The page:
Solar concentrators – dreams of renewable electricity and a new grab for desert land

Virtually all of the electricity that we use involves turbines, which are sophisticated plumbing devices. Usually the turbine is wound up by a heat process most often burning gas, oil, or coal to heat water into steam to drive the turbine. Nuclear energy does not involve burning but still heats water into steam. If you live or play in Las Vegas the electricity that makes the city possible comes from the massive turbines of the Hoover Dam.

Photovoltaic cells have heat process and no turbines for their electric generation, but these are very small producers of electrical energy compared with gas, oil, coal and nuclear energy and are presently expensive because they need a great deal of energy to produce current, so that their lifetime emission is around 58 grams per kWh compared with 900 or more for coal and around 2 for nuclear power.

However there is another way to use turbines and their associated plumbing using sunshine to heat water into steam for creating large scale electricity. The process of solar thermal power used very strong concentrated sunshine with solar collectors tracking the sun in very hot places to create energy usually by heating water. Like everyone who has a modern solar thermal water or space heating system will know, storing hot water is easy; storing electricity is much harder.

So if you build a solar thermal power plant to produce electricity fuel the burning does not take and you can store the energy you created in the day time but did not convert to electricity as heat over night.

The disadvantage of solar thermal power is that you need to use up a great deal of land; virtually all of the land that is most suitable will be in deserts, some distance away from human habitation which will be where the power will be used and there will be power losses in the transmission of electricity over vast distances, but such is humanity’s desire for electricity and so strong is the imperative for reducing our greenhouse gas emissions that in the long run transmission losses and efficiency losses hardly matter when the fuel – sunshine – is free.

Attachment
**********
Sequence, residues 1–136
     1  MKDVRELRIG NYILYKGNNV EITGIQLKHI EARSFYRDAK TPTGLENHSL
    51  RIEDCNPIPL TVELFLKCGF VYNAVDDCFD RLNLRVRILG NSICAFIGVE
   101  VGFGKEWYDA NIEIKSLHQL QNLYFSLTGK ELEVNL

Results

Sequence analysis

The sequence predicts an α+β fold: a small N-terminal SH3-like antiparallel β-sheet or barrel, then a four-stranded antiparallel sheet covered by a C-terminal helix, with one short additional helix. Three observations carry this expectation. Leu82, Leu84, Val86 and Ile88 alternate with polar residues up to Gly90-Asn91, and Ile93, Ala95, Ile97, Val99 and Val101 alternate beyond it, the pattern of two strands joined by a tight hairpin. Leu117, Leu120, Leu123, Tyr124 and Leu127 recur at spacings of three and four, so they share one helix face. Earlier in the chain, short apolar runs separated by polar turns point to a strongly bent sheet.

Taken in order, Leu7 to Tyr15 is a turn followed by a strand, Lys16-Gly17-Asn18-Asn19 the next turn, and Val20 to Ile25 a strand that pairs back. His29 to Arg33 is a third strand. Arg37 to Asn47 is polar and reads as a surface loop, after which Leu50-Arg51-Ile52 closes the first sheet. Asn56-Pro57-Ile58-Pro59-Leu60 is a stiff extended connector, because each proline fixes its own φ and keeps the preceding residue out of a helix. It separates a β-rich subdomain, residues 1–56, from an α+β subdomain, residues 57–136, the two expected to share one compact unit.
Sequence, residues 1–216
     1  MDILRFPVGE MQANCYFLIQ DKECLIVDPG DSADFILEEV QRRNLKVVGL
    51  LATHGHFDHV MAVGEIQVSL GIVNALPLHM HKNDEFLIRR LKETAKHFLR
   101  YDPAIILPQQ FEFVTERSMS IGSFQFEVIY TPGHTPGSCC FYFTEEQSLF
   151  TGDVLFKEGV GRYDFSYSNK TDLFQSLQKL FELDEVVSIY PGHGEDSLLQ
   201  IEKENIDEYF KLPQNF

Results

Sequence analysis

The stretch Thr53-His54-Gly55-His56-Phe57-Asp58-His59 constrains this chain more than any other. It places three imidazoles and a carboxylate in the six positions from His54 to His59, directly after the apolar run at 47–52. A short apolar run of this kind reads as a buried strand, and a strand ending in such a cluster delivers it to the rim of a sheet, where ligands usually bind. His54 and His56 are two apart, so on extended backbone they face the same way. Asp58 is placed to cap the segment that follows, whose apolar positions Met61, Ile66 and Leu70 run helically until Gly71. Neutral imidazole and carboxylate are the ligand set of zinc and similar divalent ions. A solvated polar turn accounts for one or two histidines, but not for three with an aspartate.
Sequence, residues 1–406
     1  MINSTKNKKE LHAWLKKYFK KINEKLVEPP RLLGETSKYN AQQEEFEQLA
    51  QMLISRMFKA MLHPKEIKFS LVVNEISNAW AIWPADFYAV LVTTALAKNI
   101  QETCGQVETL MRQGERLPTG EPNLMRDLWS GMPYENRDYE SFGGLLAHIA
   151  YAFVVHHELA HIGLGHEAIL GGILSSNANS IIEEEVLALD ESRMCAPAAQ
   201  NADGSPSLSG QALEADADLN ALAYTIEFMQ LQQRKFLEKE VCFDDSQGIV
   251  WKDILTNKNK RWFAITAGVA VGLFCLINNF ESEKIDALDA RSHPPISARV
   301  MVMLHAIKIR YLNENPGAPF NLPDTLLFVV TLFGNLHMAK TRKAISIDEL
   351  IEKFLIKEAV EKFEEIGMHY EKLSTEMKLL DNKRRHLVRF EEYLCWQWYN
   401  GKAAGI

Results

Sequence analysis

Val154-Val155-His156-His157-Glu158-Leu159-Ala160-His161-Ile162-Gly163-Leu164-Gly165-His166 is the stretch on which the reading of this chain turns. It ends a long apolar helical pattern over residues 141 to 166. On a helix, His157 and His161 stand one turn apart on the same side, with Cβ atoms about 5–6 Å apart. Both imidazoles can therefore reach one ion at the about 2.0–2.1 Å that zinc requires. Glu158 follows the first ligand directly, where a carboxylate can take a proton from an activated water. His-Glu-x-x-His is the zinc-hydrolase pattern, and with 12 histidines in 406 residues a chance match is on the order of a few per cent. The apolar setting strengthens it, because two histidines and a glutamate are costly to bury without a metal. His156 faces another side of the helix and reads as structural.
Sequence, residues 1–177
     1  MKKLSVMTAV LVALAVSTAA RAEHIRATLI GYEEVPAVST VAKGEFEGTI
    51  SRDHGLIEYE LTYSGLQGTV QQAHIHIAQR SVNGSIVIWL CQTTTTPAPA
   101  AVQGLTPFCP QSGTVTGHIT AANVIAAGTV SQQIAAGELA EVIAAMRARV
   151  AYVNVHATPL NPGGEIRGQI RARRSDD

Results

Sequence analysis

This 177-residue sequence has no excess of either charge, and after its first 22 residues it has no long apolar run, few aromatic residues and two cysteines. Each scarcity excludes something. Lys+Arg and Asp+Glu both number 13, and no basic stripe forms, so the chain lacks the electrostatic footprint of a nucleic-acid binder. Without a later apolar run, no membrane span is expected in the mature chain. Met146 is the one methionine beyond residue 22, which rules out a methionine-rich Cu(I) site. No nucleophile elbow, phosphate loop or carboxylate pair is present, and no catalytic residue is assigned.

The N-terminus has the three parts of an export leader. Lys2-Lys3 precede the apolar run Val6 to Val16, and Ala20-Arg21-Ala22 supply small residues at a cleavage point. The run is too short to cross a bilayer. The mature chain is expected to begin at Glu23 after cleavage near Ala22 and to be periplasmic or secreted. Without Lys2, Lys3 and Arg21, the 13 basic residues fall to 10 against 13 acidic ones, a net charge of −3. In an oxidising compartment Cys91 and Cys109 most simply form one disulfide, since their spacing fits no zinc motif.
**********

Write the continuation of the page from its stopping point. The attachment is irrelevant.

Speculators have understood this, although not perfectly. There has been a land rush in the Mojave Desert and lease claims have been filed on 700,000 acres of land owned by the United States Federal Government in Nevada, with Goldman Sachs, no longer willing to speculate in the clay feet of the derivatives’ market, taking a position on the fundamental of energy and hoping that a modest investment today will reap rich rewards in the shape of solar thermal power tomorrow. It has filed just under half the land claims.

In California, which has an obligation to provide 20% of its energy by renewable means by the end of the year after next (2010) over a million acres of land has been acquired by speculators in the hope that they can use the land for solar thermal power plants.

I suppose what is going on is a bit like a gold rush, because not every site is suitable and because the speculators frequently misunderstand the technology available. Some of them will take financial hits, especially if they are playing with borrowed money, but others will do well if they can use the land to install solar concentrators and the turbines needed to create the electricity.

What impact will development of large parts of the desert have on the environment? It is difficult to assess. Mostly a desert is, by definition, much freer of flora and fauna than other habitats and some deserts are virtually entirely free of it. There is unlikely to be a significant impact on wildlife, although visions of a web of power pylons crossing deserts may not be pleasant, they will be better than visions of increasing galloping emissions causing more and more rapid climate change.

In the meantime although there are projects in places like Seville which produce useful power from concentrators, large scale development is still years away. Humans created many deserts by inappropriate land use and for years those deserts have been useless to humans. That may change.

 

5 Responses

  1. South Australia’s outback Simpson Desert will be closed for the first time this summer to prevent visitors from dying in the extreme heat, officials said Tuesday. The Simpson Desert Conservation Park and Regional Reserve

  2. Some Research at Salford University; Thin Film Solar panels thst capture 99% of Sunlight on their surface and 20% efficiency:
    http://www.rgc.salford.ac.uk/cms/news/article/?id=111

    The comment above is interesting how do the Australians plan to close a desert?…! Maybe they will give visitors XXXX Beer? That should do the trick.

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